How to use basic reverb parameters

28th Jul 2014 | 11:00

Get to know your way around a standard reverb plugin

Artificial reverb, whether created by a hardware box or a software plugin, aims to simulate real-world ambience to a varying degree of sonic authenticity. While sample-based convolution reverbs are jaw-droppingly convincing in their emulation of specific captured spaces, the vast majority of reverbs are algorithmic, doing their thing using nothing more than mathematical signal processing and thus being able to generate unreal, wholly imagined spaces as well as more realistic ones.

Of course, in order to coax such a variety of sounds from your algorithmic reverb plugins, you need to know your way around the core parameters. In this tutorial, using Ableton Live's built-in Reverb as an example, we'll take a tour of the controls you absolutely need to have a handle on if you're to take your first steps towards reverb mastery.

For much more on reverb and its many uses, check out the August issue of Computer Music (206).

Step 1: We fire up Ableton Live, program a drum pattern, then insert Live's Reverb plugin into its channel. We turn off everything that can be turned off, so that it isn't filtered or modulated at all, and set the plugin to a 50/50 mix of drums and reverb. Any typical reverb plugin will do, and your DAW almost certainly includes one that has very similar features to the one we're using here.

Step 2: Rather than a set of specific room algorithms, Reverb sports a single room Size control. At its lowest setting, the drums sound like they're in a bathroom; at max, they're in a stadium. The Decay Time sets the duration of the reverb tail, from 200ms to 60s - that is, how long the reverb takes to fade away to silence. These two knobs set the character of our reverb tail (late reflections), along with…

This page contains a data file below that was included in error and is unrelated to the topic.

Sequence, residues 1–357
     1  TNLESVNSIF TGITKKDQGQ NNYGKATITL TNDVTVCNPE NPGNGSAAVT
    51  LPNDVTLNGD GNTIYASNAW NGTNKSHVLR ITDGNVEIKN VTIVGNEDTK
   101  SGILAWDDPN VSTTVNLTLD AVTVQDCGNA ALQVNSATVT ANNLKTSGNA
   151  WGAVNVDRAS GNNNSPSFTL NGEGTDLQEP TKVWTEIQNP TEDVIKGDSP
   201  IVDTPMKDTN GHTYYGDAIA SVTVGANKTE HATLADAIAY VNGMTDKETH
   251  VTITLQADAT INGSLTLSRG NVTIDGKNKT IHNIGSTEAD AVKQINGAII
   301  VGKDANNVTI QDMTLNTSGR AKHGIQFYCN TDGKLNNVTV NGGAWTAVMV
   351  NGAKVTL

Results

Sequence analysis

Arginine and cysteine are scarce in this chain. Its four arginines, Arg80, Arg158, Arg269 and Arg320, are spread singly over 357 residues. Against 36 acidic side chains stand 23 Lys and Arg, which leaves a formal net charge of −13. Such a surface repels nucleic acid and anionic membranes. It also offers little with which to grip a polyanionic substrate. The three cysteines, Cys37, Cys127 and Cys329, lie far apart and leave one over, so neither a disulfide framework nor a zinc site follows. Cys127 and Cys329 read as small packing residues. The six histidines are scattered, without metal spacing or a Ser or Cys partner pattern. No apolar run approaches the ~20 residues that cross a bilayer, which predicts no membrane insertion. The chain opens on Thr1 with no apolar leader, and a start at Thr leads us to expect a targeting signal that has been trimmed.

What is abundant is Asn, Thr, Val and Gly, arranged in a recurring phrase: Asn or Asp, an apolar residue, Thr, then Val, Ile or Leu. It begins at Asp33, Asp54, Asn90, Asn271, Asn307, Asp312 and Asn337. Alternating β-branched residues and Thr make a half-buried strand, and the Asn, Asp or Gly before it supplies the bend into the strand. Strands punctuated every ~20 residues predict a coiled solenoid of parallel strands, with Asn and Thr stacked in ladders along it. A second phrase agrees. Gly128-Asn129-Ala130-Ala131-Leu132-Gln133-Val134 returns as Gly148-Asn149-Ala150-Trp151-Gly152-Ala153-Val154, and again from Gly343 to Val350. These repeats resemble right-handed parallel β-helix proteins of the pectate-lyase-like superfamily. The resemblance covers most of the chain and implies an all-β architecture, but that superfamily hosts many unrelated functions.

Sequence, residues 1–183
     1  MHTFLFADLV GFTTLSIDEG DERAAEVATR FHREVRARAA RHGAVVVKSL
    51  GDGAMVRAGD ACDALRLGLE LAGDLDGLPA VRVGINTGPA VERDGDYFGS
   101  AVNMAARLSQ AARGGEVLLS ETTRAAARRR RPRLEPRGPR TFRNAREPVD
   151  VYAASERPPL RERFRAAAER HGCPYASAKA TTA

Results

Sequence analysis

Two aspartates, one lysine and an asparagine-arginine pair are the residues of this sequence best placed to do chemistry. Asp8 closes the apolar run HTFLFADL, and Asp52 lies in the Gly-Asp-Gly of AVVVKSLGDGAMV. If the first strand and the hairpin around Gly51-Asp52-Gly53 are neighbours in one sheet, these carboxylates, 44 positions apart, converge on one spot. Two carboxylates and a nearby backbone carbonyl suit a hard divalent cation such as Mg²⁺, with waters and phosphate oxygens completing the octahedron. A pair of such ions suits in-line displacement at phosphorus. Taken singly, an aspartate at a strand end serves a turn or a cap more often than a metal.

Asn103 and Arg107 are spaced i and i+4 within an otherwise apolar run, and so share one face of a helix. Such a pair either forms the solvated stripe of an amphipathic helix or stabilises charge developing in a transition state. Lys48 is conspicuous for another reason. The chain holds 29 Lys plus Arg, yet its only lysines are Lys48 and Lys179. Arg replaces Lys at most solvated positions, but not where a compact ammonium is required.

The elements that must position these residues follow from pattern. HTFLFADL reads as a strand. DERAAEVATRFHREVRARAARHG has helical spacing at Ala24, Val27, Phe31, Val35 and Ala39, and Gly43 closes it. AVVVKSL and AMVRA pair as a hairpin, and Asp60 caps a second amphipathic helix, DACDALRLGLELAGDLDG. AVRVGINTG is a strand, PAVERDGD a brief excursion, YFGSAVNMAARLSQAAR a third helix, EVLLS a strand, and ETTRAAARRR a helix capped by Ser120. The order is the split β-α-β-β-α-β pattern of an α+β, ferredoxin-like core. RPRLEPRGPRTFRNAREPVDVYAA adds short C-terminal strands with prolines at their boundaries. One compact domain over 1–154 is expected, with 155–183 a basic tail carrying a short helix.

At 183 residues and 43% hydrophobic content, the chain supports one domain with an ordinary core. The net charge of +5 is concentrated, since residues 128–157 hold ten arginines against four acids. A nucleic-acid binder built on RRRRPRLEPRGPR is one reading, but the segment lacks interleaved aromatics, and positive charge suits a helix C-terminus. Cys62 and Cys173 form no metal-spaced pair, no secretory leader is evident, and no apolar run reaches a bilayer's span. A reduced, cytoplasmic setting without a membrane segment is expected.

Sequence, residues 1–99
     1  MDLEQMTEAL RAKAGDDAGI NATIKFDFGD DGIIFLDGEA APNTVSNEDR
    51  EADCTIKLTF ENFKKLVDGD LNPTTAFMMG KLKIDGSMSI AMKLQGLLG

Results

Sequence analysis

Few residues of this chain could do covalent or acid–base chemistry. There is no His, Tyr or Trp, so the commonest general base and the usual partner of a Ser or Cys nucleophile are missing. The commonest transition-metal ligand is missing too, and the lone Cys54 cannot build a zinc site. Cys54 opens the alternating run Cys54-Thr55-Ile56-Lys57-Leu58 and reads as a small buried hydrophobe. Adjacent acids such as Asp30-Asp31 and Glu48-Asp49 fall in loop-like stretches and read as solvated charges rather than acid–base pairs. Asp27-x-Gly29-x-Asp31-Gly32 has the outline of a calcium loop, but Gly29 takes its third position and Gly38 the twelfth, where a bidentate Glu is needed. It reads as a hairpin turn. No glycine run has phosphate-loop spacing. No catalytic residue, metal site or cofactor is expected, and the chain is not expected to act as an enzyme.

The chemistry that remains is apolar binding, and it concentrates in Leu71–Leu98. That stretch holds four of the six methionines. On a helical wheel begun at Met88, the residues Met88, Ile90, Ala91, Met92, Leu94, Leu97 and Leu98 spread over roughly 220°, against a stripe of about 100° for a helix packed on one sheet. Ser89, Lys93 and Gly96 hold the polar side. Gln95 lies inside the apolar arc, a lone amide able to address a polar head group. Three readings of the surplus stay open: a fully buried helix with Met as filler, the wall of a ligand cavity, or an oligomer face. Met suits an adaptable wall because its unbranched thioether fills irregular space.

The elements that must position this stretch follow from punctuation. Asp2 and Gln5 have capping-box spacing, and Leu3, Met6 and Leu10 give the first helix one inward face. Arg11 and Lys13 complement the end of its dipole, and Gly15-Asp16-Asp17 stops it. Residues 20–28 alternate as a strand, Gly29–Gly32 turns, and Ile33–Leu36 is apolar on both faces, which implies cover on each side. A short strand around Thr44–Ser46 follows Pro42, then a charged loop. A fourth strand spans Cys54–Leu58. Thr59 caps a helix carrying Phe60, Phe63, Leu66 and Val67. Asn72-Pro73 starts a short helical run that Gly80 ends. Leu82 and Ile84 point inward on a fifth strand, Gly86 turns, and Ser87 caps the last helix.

Step 3: …the Diffusion Network controls. Different reverbs will offer different controls with which to adjust the density and smoothness of the tail - here, we have the Density and Scale parameters in the Diffusion Network section. Your reverb may well let you modulate the tail to impart a bit of 'wobble', too - Reverb's Chorus module gives control over the speed and depth of its LFO.

Step 4: In the real world, early reflections are the very first echoes to arrive at your ears, before all the echoes aggregate to form a more smoothly decaying tail. The Shape control on Live's Reverb sets the 'prominence' of the early reflections, while the Reflect dial sets their volume in the mix (Diffuse does the same for the tail).

Step 5: The time it takes for the first early reflections to appear is called the pre-delay, and it can be used to give transients a bit of space before the reverb kicks in, and add to the impression of size with large spaces. Live's Predelay, found in the very lower left of Reverb's interface, is typical, ranging from 0.5ms to 250ms.

Step 6: Our reverb spans the frequency range, but in a mix, you may want to rein in the highs/lows. Some reverbs have filters for this - Live's has them on the input and in the Diffusion Network (the latter acting as reverb damping controls, to control bass/treble tail length). Your reverb may also have a stereo width control for narrowing/widening the signal.

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